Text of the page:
Samuel B. of Hempstead m there April 29, 1890 to Adeline Thurston of that place. Sarah d at Baldwins Nov. 10, 1884 widow of James, age 79. Sarah d Freeport Nov. 2, 1879, relict Thomas, age 98 yrs, 21 days. Solomon m Mrs. Rhoda Matthews, both of Hempstead, at that place Feb. 2, 1882. Susan d Seaford April 23, 1892, age 85. Susie E. of Williamsburgh m in N.Y.C. Jan. 6, 1869 to George Sperling of that place. Sylvester W. d Hempstead June 3, 1889, age about 30.
Tewnsend F. d Oceanville March 3, 1889 age 57 yrs, 1 month, 8 days. Wilbur m at Wantagh to Minnie Seaman October 1892. William d Baldwins Nov. 11, 1886 age 78 yrs, 7 mos, 29 days. William H. of East Meadow m at Bellmore Aug. 18, 1886 to Charlotte A. Smith of East Meadow. William J. m at East Rockaway Nov. 17, 1892 to Nellie H. Dennis of that place. William P. d Hempstead Dec. 9, 1887 s of Daniel & Emma, age 3 yrs, 3 mos, 2 days.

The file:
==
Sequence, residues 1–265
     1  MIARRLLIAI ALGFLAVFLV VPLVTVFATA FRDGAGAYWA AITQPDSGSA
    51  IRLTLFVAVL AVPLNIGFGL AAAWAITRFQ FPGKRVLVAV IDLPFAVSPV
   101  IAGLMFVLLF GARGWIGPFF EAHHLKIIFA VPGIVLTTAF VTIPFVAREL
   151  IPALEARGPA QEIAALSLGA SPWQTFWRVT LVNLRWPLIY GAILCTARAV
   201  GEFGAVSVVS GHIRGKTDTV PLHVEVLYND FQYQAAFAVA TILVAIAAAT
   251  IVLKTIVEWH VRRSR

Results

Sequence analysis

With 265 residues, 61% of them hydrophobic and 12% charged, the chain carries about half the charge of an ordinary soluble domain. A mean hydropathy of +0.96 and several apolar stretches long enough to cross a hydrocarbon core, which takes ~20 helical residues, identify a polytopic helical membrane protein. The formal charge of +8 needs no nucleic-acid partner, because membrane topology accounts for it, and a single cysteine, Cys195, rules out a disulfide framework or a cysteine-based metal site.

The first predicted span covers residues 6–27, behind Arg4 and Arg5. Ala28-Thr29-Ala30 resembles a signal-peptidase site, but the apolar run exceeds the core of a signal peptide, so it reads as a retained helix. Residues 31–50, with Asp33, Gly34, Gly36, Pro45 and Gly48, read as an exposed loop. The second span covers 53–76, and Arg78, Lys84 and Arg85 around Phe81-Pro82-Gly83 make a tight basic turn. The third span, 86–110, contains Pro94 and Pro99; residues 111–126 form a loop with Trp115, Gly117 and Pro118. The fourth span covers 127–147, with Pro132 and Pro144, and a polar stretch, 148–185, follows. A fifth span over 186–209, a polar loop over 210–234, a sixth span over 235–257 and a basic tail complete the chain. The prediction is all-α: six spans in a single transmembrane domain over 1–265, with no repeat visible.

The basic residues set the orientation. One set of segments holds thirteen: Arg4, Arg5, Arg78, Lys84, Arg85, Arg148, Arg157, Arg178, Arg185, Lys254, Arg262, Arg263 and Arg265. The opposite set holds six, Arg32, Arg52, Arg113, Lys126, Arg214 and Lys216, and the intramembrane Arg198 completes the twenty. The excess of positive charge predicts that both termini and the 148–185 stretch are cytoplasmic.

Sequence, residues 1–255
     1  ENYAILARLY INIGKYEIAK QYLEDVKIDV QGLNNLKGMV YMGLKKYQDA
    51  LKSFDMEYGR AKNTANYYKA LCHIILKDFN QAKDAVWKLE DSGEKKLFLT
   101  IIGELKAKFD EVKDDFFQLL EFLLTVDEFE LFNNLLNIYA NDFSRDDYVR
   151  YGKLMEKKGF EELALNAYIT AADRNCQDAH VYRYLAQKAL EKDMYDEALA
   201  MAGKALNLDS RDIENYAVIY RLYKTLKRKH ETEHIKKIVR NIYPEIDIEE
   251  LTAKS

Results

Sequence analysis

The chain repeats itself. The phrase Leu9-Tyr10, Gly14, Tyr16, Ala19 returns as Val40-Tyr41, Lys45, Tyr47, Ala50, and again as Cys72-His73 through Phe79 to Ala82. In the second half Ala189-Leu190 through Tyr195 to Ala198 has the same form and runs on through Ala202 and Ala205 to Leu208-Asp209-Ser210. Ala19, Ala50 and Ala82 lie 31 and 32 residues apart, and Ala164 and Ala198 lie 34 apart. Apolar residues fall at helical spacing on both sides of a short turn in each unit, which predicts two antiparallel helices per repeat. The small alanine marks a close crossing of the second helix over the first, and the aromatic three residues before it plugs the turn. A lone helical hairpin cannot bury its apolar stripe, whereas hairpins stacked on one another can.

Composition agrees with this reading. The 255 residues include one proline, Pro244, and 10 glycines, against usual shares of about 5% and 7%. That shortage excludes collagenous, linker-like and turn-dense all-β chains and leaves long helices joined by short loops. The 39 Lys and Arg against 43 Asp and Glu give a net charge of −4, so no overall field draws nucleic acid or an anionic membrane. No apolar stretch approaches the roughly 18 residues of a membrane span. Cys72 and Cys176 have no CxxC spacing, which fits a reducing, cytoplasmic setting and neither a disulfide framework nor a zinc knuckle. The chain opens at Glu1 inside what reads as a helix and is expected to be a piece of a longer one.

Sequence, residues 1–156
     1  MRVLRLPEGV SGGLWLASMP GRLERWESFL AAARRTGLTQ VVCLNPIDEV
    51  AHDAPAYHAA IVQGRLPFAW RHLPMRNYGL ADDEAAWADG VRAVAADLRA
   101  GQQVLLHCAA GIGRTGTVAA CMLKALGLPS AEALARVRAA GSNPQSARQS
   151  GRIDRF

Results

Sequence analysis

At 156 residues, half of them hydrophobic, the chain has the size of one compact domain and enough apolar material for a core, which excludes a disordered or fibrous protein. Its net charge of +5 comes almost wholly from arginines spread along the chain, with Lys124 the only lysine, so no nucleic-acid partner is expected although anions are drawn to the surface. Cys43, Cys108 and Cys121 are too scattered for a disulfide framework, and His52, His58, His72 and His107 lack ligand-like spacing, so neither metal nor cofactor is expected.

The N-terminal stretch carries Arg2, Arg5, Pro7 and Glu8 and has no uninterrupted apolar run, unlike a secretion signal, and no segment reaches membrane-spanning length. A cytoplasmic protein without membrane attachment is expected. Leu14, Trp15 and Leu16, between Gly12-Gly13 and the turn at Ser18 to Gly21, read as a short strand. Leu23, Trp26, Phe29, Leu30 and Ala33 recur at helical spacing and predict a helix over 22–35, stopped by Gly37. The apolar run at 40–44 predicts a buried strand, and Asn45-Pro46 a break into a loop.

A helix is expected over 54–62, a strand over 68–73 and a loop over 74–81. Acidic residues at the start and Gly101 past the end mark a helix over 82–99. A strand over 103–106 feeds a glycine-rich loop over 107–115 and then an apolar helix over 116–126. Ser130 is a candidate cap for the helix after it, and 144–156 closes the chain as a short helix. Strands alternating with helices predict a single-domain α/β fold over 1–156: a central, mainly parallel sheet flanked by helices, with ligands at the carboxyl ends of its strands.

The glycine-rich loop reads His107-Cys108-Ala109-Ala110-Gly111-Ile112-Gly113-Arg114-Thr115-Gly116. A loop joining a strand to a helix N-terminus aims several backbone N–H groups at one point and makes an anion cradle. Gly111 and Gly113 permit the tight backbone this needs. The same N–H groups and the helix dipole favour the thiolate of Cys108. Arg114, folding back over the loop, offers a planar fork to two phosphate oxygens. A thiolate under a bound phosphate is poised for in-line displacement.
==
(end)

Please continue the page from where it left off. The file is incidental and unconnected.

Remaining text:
Quite a list! Looks like it includes quite a few of the inhabitants of Baldwin and Merrick 100 years ago.
Vincent F. Seyfried.
Mr. Seyfried is the author
of "The Long Island Rail Road", of which five volumes have been published
and a sixth is in preparation. Volumes 1 and 2 are out of print.
This article originally appeared in The Long Island Forum December 1972 - no copyright data was posted